Sunday, February 10, 2002
You don't see many knights in shining armor anymore. Perhaps that's because damsels in distress are in such short supply.
However, on a recent occasion when three damsels of my acquaintance were being publicly and unfairly attacked verbally, nary a brave knight rode to their rescue. The half-dozen or so men who should have performed their knightly duties rested instead on their, um, saddles. I was greatly disappointed because I realize that knights are still essential because the world, even now, contains an occasional dragon that requires slaying.
From childhood, I have steeped myself in Camelot lore ï¿½ not the American Camelot of relatively recent history but the English Camelot of Lancelot, The Lady of Shalott and Elaine, the lily maid of Astolot. (It occurs to me that there are a whole lot of "lots" in that sentence.)
Growing up, I had a passion for reading Alfred Lord Tennyson. I even memorized several of his poems because I wanted to, not because I had to, and I'm frank to say that his writing helped to make me a hopeless romantic.
Even my love of history didn't curb my romantic streak. My knowledge of historical periods is peopled with devoted couples like Cleopatra and Marc Anthony, Priscilla and John Alden, and the Duke of Windsor and his beloved Duchess, the woman for whose love he gave up a kingdom. And the only thing I remember about Sir Walter Raleigh ï¿½ besides the fact that he brought tobacco back to Europe ï¿½ was that he swept off his cloak and chivalrously laid it over a puddle so that a lady could cross without getting her feet wet.
Compare Sir Walter's behavior with that of my friend Gunnard, a pillar of his community whom I thought was clad in shining armor until he told me of an incident in high school when he finally got a date with the girl of his dreams. One thing led to another and the teen-agers found themselves parked in his Chevy on an unpaved country road in a driving rain. At least they were parked until they tried to leave. Then they were stuck. Gunnard sighed, removed his shoes, rolled up his pant legs and started to walk for help through ankle-deep mud.
Then he heard a plaintive cry from the girl: "Come back here!"
"Because you're supposed to carry me."
"Hey," Gunnard replied, "you've got legs. You can walk or wait."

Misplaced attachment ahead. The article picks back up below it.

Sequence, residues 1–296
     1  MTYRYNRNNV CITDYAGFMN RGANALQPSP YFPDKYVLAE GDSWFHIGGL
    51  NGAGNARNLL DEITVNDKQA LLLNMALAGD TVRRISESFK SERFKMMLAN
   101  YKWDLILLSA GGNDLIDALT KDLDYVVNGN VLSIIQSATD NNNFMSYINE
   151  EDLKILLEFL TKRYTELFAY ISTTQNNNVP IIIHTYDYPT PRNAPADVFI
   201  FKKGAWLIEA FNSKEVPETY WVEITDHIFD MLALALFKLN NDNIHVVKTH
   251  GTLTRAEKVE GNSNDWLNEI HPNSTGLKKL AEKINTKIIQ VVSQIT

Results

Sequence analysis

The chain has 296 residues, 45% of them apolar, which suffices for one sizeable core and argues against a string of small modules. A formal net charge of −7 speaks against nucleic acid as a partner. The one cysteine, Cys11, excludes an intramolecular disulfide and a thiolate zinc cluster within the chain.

She took off her shoes and walked ï¿½ and continued walking right out of his life.
Gunnard ï¿½ a big, athletic guy ï¿½ refused to carry his date. But history tells the story of women in a surrendered fort who were told by the victorious army that they were free to leave with their children and anything they could carry on their backs. So they piggybacked their men to safety.
Does that make them brave? You bet! Does that make them knights?
I wouldn't want to put husband Ray to the test of carrying me through ankle-deep mud in a rainstorm, but he once raced through a cloudburst to our car parked a block away and drove it back to a restaurant where I waited nice and dry. And I'm not the only beneficiary of his gallant gestures. Ray will not sit while a lady stands, so I'm pretty sure that Rosa Parks wouldn't have had any trouble had he been on her bus. And that is the reason Tennyson's quote, "the greater the man, the greater the courtesy," has always reminded me of Ray.
But my husband really proved he was my knight in shining armor when I had surgery a couple of years ago. I am admittedly the patient from hell, but not even Florence Nightingale could have been a better nurse than Ray was.
However, after taking care of me for a week, I'm confident he believed that dragon slaying was by far the easiest duty of a knight's job description.
In addition to the current lack of brave knights, there's also a serious scarcity of sweet princes. Where are they all hiding? I once saw a bumper sticker that read: "You have to kiss a lot of frogs before you find a prince." Well, we certainly seem to have no shortage of frogs.
This Valentine's Day, if you are fortunate to have a sweet prince of your own, tell him so and give him a big smooch on the lips. That's what I plan to do with mine. With any luck, he won't turn into a frog.
ï¿½ Marsha Henry Goff is a free-lance writer in Lawrence.